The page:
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29 November 2011

Marc Estrin : Who Needs Tear Gas?

"Port-A-Potty." Art by Ali Spagnola / alispagnola.com.

Who needs tear gas?
The switch from blameworthy military attack to invisible counterinsurgency is a smart one for cities and towns strapped for budget.
By Marc Estrin / The Rag Blog / November 29, 2011

BURLINGTON, Vermont -- Nonchalantly pepper-spraying sitting students, or charging with batons swinging into nonviolent crowds, or middle-of-the-night attacks with gas canisters flying in the streetlights' glare don’t seem to be increasing the popularity of protectors and servers throughout the land.

Some mayors and police chiefs, like our own in Burlington, understand that they can expect to clear Occupy sites with three much more subtle, non-YouTube-able, plausibly deniable techniques, one transient, two permanent.

The first is simply to wait for winter, a time when most outdoor beasts, warm-blooded and cold-, migrate or hibernate, or somehow dig in, and abandon their normal playing fields. Landscapes of all kinds thin out naturally until the burgeoning of spring. In Vermont, that’s at least four months with very unlikely encampment. Things may be different in Florida.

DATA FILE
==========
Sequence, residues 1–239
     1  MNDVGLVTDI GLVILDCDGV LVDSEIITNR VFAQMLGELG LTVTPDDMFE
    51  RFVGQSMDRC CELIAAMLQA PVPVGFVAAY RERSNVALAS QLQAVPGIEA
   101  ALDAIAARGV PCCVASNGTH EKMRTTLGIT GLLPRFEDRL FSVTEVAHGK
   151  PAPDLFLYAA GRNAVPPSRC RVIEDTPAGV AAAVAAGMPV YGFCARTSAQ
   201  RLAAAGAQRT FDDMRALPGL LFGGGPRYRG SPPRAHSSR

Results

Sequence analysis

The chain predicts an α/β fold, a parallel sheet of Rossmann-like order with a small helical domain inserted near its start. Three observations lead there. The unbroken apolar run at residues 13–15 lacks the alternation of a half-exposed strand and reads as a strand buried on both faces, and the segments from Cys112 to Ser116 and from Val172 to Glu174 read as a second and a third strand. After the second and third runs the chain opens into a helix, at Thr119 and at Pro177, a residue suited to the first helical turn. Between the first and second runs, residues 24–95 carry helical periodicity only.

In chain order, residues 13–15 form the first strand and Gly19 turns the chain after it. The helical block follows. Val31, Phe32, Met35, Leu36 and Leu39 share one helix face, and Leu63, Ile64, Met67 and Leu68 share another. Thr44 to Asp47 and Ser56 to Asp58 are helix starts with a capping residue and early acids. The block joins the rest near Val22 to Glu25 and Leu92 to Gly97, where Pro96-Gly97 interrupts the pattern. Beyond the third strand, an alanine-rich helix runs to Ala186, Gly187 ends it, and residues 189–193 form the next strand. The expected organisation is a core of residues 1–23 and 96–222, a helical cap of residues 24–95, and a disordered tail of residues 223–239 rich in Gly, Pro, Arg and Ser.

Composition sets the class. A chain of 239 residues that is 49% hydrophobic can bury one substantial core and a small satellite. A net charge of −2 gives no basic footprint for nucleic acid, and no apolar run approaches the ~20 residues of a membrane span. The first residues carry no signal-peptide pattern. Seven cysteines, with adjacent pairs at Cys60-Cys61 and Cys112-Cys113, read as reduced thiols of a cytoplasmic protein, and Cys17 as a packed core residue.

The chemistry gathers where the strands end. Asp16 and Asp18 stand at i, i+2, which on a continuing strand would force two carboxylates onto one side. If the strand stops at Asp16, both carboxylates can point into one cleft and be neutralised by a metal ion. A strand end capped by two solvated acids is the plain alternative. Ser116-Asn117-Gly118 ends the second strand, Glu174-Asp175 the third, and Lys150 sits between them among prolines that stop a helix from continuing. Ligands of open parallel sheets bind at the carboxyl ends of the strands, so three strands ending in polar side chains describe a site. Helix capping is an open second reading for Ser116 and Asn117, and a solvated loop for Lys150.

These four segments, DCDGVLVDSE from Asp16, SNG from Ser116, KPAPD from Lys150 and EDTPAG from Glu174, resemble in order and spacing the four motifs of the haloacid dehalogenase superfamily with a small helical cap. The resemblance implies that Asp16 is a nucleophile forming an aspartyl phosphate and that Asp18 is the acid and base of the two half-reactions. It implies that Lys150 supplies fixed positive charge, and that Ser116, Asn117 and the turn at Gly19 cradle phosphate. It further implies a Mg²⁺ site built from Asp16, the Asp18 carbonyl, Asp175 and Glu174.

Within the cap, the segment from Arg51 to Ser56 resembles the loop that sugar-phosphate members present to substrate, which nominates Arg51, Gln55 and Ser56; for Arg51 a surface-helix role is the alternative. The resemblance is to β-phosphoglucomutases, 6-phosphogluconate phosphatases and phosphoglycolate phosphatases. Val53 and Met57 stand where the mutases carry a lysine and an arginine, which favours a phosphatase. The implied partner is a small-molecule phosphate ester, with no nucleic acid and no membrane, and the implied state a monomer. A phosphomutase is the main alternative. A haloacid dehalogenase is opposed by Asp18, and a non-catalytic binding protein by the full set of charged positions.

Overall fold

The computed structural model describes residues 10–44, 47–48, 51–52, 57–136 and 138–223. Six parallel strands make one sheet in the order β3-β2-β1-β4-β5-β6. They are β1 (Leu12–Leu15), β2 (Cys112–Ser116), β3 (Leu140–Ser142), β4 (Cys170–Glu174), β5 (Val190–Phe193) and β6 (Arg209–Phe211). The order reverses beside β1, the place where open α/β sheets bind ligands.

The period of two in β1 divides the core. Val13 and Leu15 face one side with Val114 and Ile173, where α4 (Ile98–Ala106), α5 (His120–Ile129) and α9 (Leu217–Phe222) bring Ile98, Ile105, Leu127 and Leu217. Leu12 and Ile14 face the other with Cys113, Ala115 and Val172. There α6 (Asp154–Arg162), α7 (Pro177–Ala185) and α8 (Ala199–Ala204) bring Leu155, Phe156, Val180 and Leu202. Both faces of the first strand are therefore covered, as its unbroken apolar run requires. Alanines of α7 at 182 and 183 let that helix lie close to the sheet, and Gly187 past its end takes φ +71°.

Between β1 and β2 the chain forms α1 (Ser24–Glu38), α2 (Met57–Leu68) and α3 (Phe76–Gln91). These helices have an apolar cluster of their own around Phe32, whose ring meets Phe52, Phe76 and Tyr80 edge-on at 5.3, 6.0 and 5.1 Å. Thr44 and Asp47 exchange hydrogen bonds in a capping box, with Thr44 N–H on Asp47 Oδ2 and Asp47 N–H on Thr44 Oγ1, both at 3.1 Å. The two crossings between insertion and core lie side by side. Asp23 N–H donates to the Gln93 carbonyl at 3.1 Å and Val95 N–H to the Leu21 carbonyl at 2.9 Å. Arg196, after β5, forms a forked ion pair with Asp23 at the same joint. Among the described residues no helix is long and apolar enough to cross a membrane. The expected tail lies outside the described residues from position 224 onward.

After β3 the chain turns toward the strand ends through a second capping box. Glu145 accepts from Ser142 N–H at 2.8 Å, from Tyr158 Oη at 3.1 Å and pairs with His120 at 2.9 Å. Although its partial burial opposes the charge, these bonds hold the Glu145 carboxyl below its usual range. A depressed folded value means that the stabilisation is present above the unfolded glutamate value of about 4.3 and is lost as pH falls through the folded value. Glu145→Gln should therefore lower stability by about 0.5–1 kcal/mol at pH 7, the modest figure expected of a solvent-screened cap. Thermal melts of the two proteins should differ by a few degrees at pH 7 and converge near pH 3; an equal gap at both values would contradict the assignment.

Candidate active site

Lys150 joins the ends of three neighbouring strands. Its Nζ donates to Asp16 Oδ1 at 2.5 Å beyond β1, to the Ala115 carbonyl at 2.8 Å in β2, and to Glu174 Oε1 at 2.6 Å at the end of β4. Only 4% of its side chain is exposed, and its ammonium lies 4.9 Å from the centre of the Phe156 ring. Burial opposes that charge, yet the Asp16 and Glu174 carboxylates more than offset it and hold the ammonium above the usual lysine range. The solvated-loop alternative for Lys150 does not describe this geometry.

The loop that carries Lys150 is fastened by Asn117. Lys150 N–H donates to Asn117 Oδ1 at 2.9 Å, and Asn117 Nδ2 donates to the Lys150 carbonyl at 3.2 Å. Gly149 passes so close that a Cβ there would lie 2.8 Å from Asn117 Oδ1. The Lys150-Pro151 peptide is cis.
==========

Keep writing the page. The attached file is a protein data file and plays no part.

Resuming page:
But the second and third tactics are not so iffy, so geographically determined. They are easy, and cheap:

2. Provide no porta-potties. This has been a longstanding tactic. Permits have long been granted for potentially large, one-day demonstrations, extra police are hired, traffic plans are made, barriers and watchtowers are imported, Free Speech Zones demarcated (!), etc. And in spite of all this planning and expense, guess what is absent?